Former Black Panther killed in California prison
Hugo Pinell, 71, a former comrade of George L. Jackson, was killed on Aug. 12 in California State Prison-Sacramento near Sacramento, Calif.
Pinell, known by many as “Yogi Bear,” had recently been released from 46 years of solitary confinement and was the longest serving prisoner held in administrative detention in the state of California. He had written to one of his supporters that he feared for his life at the prison. (KPFA interview with Kiilu Nyasha, Aug. 13)
In 1965 Pinell was given a 3-years-to-life sentence for rape, a crime for which he said he was not guilty. He and his mother were told that if he did not confess, he could face the death penalty.
Pinell was stabbed to death by another prisoner on the first day he was released into general population at CSP-Sacramento. The corporate media described the circumstances surrounding his killing as a “riot” when clashes erupted after Pinell was brutally stabbed in the prison yard.
His death has sent shockwaves through the ranks of veteran Black Panther Party members, supporters of political prisoners and anti-racist forces.
San Quentin Six and George L. Jackson
Pinell was a member of the San Quentin Six, who were involved in the attempted prison break to liberate George Jackson on Aug. 21, 1971, where Jackson was gunned down by guards. Three prison guards and two white inmates also lost their lives in that incident. After the rebellion, six inmates were charged in their deaths: Hugo Pinell, Willie Tate, Johnny Larry Spain, David Johnson, Fleeta Drumgo and Luis Talamantez.
Long before that, George Jackson was already well known throughout the African-American revolutionary movement and the left as a whole. His prison letters were published in the 1970 book entitled “Soledad Brother: The Prison Letters of George Jackson.”
The Soledad Brothers were three African-American prisoners, George Jackson, Fleeta Drumgo and John Clutchette, who were charged with killing a guard at San Quentin in January 1970. Several days earlier, three Black inmates had been killed by white prison guard snipers during a racial melee in the yard.
A national movement arose in defense of the Soledad Brothers, which drew the support of Angela Davis, a Communist Party member and lecturer who had been terminated by the University of California, Los Angeles in 1969 because of her political beliefs.
Jackson had originally been sentenced to a 1-year-to-life sentence in California in 1960 for being in the company of several others who stole $70 from a gas station. During his tenure in prison, Jackson began to read voraciously about history, military science, philosophy and Marxist-Leninist theory.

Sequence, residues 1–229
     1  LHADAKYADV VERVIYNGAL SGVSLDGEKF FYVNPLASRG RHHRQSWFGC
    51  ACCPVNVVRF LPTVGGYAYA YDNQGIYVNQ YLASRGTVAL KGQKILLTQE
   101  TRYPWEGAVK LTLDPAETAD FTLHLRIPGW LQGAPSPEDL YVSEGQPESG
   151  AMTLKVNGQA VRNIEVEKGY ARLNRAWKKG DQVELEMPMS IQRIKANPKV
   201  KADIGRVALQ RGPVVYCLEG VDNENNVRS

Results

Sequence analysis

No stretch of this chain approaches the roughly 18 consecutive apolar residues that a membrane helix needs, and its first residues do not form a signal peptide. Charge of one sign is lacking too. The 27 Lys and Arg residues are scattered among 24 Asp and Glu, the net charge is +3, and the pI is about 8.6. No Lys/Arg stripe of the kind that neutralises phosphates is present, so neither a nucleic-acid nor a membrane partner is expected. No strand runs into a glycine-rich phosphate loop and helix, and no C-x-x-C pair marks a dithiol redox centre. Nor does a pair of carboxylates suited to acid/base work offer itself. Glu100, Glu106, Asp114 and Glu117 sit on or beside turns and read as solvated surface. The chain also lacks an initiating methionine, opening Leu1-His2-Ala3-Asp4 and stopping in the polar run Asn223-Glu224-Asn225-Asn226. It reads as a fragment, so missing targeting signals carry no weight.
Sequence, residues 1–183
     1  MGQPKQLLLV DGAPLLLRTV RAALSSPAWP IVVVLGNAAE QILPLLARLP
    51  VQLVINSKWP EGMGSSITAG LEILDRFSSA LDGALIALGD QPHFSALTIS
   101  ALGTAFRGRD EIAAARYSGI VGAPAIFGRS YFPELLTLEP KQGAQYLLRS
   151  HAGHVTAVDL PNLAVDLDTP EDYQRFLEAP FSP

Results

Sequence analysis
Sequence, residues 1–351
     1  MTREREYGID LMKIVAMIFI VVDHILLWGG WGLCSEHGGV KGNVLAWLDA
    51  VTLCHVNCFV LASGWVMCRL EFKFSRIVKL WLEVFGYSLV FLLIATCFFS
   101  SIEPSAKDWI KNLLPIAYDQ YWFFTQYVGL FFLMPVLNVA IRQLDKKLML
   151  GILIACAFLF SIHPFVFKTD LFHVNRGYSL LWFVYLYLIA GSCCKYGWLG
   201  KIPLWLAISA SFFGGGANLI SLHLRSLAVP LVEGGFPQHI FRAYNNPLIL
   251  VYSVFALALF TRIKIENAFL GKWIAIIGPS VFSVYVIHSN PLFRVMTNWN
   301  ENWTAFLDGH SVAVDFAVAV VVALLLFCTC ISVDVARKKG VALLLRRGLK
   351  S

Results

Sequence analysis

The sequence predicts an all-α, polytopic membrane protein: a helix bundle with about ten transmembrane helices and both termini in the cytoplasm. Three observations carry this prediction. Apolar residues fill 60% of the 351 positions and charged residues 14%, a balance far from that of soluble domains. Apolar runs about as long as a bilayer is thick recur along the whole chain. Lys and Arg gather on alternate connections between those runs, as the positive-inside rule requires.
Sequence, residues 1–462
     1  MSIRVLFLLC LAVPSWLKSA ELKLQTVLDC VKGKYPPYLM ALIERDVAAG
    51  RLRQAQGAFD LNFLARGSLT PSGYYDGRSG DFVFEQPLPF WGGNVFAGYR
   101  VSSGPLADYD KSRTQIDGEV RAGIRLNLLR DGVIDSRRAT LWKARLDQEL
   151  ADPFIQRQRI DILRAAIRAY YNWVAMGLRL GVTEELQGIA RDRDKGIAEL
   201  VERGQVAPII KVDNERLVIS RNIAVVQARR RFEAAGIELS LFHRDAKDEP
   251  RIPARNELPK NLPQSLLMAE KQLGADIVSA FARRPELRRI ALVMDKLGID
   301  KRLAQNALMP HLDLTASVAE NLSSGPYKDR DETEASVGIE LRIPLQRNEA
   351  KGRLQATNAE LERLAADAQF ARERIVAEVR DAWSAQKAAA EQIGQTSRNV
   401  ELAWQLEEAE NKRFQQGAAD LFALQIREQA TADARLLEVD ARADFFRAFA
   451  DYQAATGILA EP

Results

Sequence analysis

Prison authorities attempted to break Jackson’s confidence and defiance for many years. He became a leader and mentor for other prisoners during a period when the Civil Rights, Black Power, anti-war and left movements were gaining tremendous ground in the U.S.
Pinell spent decades in solitary confinement for refusing to compromise with the system, and was the only one of the San Quentin Six remaining in prison. All the others had been released decades earlier.
Black August started by political prisoners
Pinell’s killing occurred during Black August, an annual commemoration of the resistance of African Americans to oppression and exploitation. Created by political prisoners years ago, Black August continues to be commemorated across the U.S.
The month-long acknowledgement of resistance stems from the historical fact that many great efforts aimed at liberation took place during August. Such historical developments include the beginning of the Haitian Revolution (1791); Nat Turner’s Rebellion in Virginia (1831); John Brown’s raid on Harper’s Ferry (1859); the Watts Rebellion (1965); the attempt by Jonathan Jackson, the younger brother of George, to free him from prison (1970); the San Quentin Rebellion (1971); and the 2014 police murder of Michael Brown in Ferguson, Mo.
The killing of Pinell illustrates the character of national oppression, economic exploitation and political repression against African-American people. Resistance to the inhumane conditions prevailing both outside and inside prison walls is continuing today through the rebellions and mass demonstrations in Ferguson, Baltimore and other cities.
African Americans are still jobless at rates at least twice as high as whites. Millions are confined to low-wage jobs with no economic security or social benefits.
Every week news stories report that African Americans are being gunned down by police and vigilantes.
The school-to-prison pipeline is still very much in evidence in urban areas. A disproportionate number of inmates and people under judicial supervision are African Americans and Latinos/as from poor and working-class backgrounds.
There are still many political prisoners inside the U.S. despite the “human rights” posture of successive administrations. Until the system of national oppression and capitalist exploitation is overthrown there is no hope for ending the prison-industrial complex.